An official is entitled to qualified immunity if his or her " conduct does not violate clearly established statutory or constitutional rights of which a reasonable person would have known." DiStiso v. Cook, 691 F.3d 226, 240 (2d Cir. 2012) (citation omitted). The defense " affords government officials 'breathing room' to make reasonable--even if sometimes mistaken--decisions." Id. (quoting Messerschmidt v. Millender, __ U.S. __, 132 S.Ct. 1235, 1245, 182 L.Ed.2d 47 (2012)). However,

[i]n order to prevent the margin of immunity from overshadowing our interests in recovery . . . the right in question must not be restricted to the factual circumstances under which it has been established. Thus, the Supreme Court has declined to say that " an official action is protected by qualified immunity unless the very action in question has previously been held unlawful," and has, instead, chosen a standard that excludes such immunity if " in the light of pre-existing law the unlawfulness is apparent."

Back, 365 F.3d at 129 (citing Hope v. Pelzer, 536 U.S. 730, 739, 122 S.Ct. 2508, 153 L.Ed.2d 666 (2002)). " A right is clearly established if (1) the law is defined with reasonable clarity, (2) the Supreme Court or the Second Circuit has recognized the right, and (3) a reasonable defendant would have understood from the existing law that his [or her] conduct was unlawful." Anderson v. Recore, 317 F.3d 194, 197 (2d Cir. 2003) (internal citation and quotation marks omitted). The Court is required to draw all inferences in the non-moving party's favor. Cf Tolan v. Cotton, 134 S.Ct. 1861, 188 L.Ed.2d 895, 2014 WL 1757856, at *4 (U.S. 2014) (per curiam) (reversing grant of qualified immunity where appellate court decided issues of material fact and failed to draw inferences in non-moving party's favor).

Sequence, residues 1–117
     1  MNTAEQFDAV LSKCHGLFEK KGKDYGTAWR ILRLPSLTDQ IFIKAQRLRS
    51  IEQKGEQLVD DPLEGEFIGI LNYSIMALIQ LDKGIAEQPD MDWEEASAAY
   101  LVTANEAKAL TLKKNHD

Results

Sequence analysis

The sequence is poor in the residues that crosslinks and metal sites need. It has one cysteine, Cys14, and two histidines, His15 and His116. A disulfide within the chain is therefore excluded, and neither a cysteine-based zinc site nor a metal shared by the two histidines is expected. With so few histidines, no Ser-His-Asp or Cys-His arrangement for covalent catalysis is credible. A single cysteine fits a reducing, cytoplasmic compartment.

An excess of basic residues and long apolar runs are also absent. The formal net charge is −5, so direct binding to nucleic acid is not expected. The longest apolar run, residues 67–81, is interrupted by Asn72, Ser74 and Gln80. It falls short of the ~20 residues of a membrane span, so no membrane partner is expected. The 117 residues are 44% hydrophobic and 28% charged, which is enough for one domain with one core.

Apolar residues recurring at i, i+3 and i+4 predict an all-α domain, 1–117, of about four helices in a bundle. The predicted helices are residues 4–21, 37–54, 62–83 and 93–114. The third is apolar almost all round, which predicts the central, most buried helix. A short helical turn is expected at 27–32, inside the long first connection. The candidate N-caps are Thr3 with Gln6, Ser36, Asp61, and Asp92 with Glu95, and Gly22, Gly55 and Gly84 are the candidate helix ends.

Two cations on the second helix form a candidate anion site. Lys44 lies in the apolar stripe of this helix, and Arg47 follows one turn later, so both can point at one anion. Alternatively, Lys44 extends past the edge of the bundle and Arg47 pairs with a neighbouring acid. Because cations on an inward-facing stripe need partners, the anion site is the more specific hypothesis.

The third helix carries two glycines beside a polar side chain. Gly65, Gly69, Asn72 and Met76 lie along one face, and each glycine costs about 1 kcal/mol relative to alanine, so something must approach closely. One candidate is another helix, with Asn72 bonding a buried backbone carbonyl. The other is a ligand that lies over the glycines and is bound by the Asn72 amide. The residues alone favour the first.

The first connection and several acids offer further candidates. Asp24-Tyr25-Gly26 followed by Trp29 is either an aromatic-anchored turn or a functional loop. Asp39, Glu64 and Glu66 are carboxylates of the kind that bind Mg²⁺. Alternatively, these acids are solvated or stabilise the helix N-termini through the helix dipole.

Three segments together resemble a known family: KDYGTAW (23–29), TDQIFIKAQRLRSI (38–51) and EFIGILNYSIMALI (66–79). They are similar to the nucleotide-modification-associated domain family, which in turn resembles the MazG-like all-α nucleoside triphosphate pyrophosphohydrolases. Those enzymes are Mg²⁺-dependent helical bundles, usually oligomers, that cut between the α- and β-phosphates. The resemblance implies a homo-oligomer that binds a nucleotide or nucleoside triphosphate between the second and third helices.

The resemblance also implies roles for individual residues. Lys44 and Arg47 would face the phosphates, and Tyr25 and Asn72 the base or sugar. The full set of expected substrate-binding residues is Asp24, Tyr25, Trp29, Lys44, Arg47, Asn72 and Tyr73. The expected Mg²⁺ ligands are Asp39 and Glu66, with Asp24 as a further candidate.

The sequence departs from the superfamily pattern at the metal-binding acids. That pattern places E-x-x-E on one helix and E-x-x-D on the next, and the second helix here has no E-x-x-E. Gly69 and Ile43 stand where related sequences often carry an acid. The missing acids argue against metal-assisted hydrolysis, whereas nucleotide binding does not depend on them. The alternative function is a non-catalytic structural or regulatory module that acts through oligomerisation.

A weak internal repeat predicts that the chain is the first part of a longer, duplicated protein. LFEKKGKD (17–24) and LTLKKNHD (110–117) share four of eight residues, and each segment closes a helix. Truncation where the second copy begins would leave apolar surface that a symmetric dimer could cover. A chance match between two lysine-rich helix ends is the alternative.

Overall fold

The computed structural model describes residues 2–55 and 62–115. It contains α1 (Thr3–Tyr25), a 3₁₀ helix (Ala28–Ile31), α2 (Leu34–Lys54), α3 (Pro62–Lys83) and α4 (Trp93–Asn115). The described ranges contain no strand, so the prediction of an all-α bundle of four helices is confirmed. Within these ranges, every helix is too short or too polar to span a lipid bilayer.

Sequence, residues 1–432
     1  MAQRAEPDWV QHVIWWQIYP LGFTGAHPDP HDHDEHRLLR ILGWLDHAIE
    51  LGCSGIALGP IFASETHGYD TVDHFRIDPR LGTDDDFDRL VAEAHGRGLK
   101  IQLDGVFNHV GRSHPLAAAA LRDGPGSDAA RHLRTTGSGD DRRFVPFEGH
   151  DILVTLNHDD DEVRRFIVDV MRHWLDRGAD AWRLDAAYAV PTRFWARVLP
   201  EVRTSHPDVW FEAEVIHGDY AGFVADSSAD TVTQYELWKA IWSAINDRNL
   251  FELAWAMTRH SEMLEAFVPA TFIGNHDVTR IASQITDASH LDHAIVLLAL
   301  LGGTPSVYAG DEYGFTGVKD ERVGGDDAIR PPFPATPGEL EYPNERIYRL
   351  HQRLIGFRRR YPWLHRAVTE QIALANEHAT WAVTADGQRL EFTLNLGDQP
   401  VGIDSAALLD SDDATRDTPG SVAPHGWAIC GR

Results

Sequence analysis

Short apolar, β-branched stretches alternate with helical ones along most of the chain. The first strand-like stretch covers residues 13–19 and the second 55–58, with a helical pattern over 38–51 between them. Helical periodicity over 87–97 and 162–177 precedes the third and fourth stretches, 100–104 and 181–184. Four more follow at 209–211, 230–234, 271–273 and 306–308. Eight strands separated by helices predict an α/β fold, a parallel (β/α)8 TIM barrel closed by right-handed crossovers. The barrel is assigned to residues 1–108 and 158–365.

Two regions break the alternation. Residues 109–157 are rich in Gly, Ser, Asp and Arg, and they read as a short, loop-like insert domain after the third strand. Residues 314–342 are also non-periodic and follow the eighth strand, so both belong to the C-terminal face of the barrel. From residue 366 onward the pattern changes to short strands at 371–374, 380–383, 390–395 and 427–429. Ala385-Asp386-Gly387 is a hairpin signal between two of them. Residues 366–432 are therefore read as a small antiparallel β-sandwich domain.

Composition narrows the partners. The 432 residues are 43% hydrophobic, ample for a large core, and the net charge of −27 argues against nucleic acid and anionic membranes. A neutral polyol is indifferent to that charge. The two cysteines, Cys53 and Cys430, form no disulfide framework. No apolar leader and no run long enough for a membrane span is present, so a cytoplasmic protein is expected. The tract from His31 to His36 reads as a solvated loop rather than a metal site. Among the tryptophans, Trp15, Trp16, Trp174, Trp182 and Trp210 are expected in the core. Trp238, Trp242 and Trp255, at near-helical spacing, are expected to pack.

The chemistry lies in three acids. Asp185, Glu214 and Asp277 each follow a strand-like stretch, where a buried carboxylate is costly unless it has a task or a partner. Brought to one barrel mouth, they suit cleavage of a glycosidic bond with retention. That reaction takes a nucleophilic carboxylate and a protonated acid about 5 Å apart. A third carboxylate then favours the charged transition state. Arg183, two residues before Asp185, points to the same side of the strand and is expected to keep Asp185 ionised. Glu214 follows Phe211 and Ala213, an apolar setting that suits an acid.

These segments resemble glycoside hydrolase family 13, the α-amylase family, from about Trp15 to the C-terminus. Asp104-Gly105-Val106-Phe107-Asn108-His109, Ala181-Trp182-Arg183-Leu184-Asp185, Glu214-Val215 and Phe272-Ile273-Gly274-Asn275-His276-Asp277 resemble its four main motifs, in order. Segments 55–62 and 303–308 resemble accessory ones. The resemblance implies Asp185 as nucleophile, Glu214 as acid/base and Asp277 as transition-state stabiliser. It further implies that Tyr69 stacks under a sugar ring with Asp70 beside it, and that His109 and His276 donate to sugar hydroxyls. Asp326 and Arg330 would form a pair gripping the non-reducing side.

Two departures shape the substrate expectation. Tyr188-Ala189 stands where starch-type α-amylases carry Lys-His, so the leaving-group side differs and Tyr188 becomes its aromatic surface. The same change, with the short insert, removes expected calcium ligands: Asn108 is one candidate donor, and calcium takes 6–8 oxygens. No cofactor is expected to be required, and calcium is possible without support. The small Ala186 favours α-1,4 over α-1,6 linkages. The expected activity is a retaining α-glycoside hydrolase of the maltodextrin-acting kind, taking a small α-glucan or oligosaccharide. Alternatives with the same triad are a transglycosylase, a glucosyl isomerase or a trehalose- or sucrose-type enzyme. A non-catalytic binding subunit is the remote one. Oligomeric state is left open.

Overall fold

In this instance, neither the law nor the facts (taken as true for purposes of this motion) support Silver's claim of qualified immunity. First, Silver contends that the right at issue is the right to an investigation, but this argument misconstrues the nature of Plaintiffs' complaint. Plaintiffs are not claiming the right to a process, they are claiming the right to a result--a sexual harassment-free workplace--and under the well-defined law of the Second Circuit, they were entitled to one. Saulpaugh, 4 F.3d at 143-44. Plaintiffs allege that Silver was aware of Lopez's pattern of behavior, that Silver knew of his obligation to take corrective action, but that he instead permitted Lopez to continue unchecked. No reasonable official (and in this case a lawyer) could have believed that turning a blind eye to Lopez's misconduct was consistent with clearly established

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law. In fact, an official's failure to remedy known sexual harassment complaints has defeated claims of qualified immunity in the past. See Emblen v. Port Auth. of New York/New Jersey, 00 Civ. 8877, 2002 WL 498634, at *11 (S.D.N.Y. Mar. 29, 2002) (finding that the defendants were not entitled to qualified immunity when they were alleged to have chosen to ignore harassing behavior that " violated internal Port Authority regulations which were based in part on federal law" ); see also Wise, 928 F.Supp. at 370-71 (denying qualified immunity when a supervisor's knowledge of harassment and failure to take remedial measures were disputed issues of material fact). Accordingly, the Court finds that Silver is not entitled to qualified immunity at this time.


Finally, Silver asks the Court to dismiss Plaintiffs' state and city law claims because Silver is not an " employer" as required by the NYSHRL and NYCHRL. To qualify as an " employer" under the NYSHRL, an individual must have " an ownership interest in the relevant organization or the 'power to do more than carry out personnel decisions made by others.'" Townsend v. Benjamin Enters., Inc., 679 F.3d 41, 57 (2d Cir. 2012) (quoting Patrowich v. Chem. Bank, 63 N.Y.2d 541, 542, 473 N.E.2d 11, 12, 483 N.Y.S.2d 659 (1984)). A supervisor may also be considered an " employer" under the NYSHRL if the supervisor '" actually participates in the conduct giving rise to the discrimination.'" Feingold, 366 F.3d at 157 (quoting Tomka v. Seiler Corp., 66 F.3d 1295, 1317 (2d Cir. 1995)).